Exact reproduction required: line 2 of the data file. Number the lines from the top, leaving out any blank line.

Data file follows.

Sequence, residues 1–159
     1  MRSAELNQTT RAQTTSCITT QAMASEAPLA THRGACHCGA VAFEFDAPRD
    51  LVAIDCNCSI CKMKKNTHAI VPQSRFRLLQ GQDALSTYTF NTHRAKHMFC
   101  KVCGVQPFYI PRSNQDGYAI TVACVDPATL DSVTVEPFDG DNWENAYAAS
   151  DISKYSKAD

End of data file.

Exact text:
     1  MRSAELNQTT RAQTTSCITT QAMASEAPLA THRGACHCGA VAFEFDAPRD